In the whirlwind of life’s many demands, from organizing a wedding in under 3 months to purchasing my first home, my personal life has been the center of my attention lately. Amidst these significant life changes, I’ve had to make tough decisions about how I allocate my time between my art studio and building my art business.
As I pause to reflect on my professional journey and its achievements, I find myself pleasantly surprised by the milestones and accolades I’ve achieved during this seemingly chaotic period. What’s more intriguing is that these successes happened while I was navigating distractions and responsibilities. This revelation has prompted me to consider the structural aspects of how I’ve approached my art career, which have ultimately set me up for success. In this post, I’d like to share with you the key insights I’ve gathered along the way.
My Recent Achievements and Awards:
Indulge me as I take a moment to celebrate what I’m proud of!
- Secured a design project for a local sports team (stay tuned for more details!)
- Earned a scholarship from the City of San Jose for a 10-week Business of Art course
- Received ArtSpan’s SFOS Equity Grant
- Featured on the podcast “Work, Life, No Balance”
- Invited to participate in an art exhibition alongside four other talented artists
The Secret to These Opportunities? My Artistic Network and Community
All these opportunities, without exception, were discovered or extended to me because of the relationships I’ve built within the artistic network and community. Building these relationships wasn’t always easy, especially as my husband and I moved to the Bay Area under 2 years ago with just a handful of acquaintances in the tech industry and none in the art world. So, where did I start in building these valuable connections?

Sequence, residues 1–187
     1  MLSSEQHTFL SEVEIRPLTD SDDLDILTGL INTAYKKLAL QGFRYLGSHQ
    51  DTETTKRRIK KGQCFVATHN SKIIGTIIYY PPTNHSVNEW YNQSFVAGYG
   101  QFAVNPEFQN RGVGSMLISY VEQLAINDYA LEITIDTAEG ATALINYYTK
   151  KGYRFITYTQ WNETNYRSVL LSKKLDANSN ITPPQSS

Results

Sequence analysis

Volunteering has always been a part of my journey, from joining the Executive Committee of a UK-registered charity as a youth member to promoting STEM in schools. Upon arriving in the United States, I wanted to leverage my skills and experiences while meeting like-minded individuals. Over the past year, I’ve become deeply involved in several organizations, serving as co-chair of genARTS Silicon Valley, a board member of Silicon Valley Visual Artists (the team behind Silicon Valley Open Studios), and a member of the Executive Committee of the Art Docents of Los Gatos.
2. Joining local organisations
They say that it takes at least 50 hours of interaction for someone to transition from being an acquaintance to a casual friend. To bridge this gap, I joined a couple of local arts organizations that host regular events, ranging from virtual workshops to in-person meet-ups. One of my earliest affiliations was with ArtSpan in San Francisco, and more recently, I became a founding member of the Indian American Artists Association.
3. Regular attendance at art openings & events
My commitment to building relationships led me to attend art openings and events regularly. I made it a point to attend at least one opening or exhibition event every two weeks. I’d muster the courage to introduce myself to fellow art enthusiasts, looking for common ground to start a conversation. Over time, I began to see familiar faces at these events, and bonds formed through our shared passion for art. There’s something magical about consistency and the effort invested in showing up.
4. Connecting with like-minded individuals on social media
As I shared my artwork with the world on social media, I started to connect with new people and rekindle old acquaintanceships. When something resonated with me in their posts, I’d send a message to express my appreciation and why it struck a chord with me. These spontaneous but genuine interactions unexpectedly opened doors to opportunities, especially when it came to invitations to podcasts (yes, I’m a podcast enthusiast).
The importance of investing time in building genuine relationships cannot be overstated. When life got hectic, I knew where to turn for guidance and opportunities because of the meaningful connections I had nurtured. These friends recommended opportunities for me to apply for or simply vouched for me as an artist to others. Without the time spent cultivating these friendships and sharing openly and authentically, I doubt that the last few months of my life, focused on personal matters, would have been accompanied by such a wealth of achievements.
As an introvert, I understand the exhaustion that can come from networking and putting yourself out there. But I can attest that it’s not only necessary but also tremendously rewarding. It pays off in ways you might not even anticipate.
So, if you’re on a similar journey or contemplating how to advance your career while balancing life’s demands, remember that your network and the relationships you build can be the wind beneath your wings. Don’t underestimate the power of genuine connections in propelling you toward your goals.
I love the connections from sharing authentically – I invite you to send me a message/ leave a comment and share your experiences & what resonates most.